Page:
[JUSTIFY]The curve in the figures above is the parabola $y=x^2$. Let us define a normal line as a line whose first quadrant intersection with the parabola is perpendicular to the parabola. Five normal lines are shown in the figures above.
For a while, the $x$-coordinate of the second quadrant intersection of a normal line with the parabola gets smaller as the $x$-coordinate of the first quadrant intersection gets smaller. But eventually a normal line's second quadrant intersection gets as small as it can get.
The extreme normal line is shown as a thick red line in the figures above. Once the normal lines pass the extreme normal line, the $x$-coordinate of the second quadrant intersections with the parabola start to increase.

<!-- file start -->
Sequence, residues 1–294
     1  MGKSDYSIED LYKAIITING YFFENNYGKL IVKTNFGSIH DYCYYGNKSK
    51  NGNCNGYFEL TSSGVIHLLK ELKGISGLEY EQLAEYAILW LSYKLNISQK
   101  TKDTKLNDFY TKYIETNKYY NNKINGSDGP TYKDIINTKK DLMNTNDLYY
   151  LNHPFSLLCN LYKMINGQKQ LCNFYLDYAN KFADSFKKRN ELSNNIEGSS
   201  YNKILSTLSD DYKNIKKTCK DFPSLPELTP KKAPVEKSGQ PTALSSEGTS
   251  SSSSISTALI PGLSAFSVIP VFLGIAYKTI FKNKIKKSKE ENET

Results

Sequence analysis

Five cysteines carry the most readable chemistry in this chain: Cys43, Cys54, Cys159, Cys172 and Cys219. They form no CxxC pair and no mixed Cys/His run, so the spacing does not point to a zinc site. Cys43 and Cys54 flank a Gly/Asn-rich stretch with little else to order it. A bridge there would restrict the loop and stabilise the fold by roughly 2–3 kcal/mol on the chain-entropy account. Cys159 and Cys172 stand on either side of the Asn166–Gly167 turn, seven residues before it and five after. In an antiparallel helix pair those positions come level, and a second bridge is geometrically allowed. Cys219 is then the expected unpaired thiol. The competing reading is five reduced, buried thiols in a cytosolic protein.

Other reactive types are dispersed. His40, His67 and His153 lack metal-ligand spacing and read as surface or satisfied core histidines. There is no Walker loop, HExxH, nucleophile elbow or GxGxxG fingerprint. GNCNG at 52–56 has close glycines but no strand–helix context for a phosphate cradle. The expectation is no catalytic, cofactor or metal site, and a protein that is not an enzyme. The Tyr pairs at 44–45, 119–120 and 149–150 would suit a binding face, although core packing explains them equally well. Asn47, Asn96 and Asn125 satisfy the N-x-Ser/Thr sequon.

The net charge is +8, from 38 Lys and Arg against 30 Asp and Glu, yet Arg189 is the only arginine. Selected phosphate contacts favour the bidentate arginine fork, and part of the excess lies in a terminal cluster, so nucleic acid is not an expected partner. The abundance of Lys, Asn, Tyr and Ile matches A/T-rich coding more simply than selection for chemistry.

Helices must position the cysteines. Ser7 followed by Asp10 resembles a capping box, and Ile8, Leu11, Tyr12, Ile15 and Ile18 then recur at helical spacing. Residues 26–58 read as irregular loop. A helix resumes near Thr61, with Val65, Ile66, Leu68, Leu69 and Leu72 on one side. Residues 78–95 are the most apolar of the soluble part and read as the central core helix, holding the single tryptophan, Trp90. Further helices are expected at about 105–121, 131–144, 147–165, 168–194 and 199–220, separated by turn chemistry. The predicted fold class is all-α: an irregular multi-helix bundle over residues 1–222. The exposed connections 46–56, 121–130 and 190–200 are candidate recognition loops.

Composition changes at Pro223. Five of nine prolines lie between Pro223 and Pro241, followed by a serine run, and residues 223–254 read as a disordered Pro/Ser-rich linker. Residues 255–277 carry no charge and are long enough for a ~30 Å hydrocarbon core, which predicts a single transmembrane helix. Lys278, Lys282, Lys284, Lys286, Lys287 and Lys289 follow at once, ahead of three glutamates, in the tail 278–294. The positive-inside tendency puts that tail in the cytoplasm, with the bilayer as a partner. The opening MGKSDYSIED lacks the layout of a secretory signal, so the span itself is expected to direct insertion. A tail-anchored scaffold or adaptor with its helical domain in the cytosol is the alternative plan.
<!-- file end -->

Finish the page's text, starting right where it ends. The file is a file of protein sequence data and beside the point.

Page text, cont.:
The figures above show two pairs of normal lines. The two normal lines of a pair have the same second quadrant intersection with the parabola, but one is above the extreme normal line (in the first quadrant) and the other is below it.
(a) Find the normal line pair associated with a particular second quadrant intersection with the parabola.
(b) Hence, or otherwise, find the equation of the extreme normal line.
(c) Find the normal line that traps the smallest area between it and the parabola.[/JUSTIFY]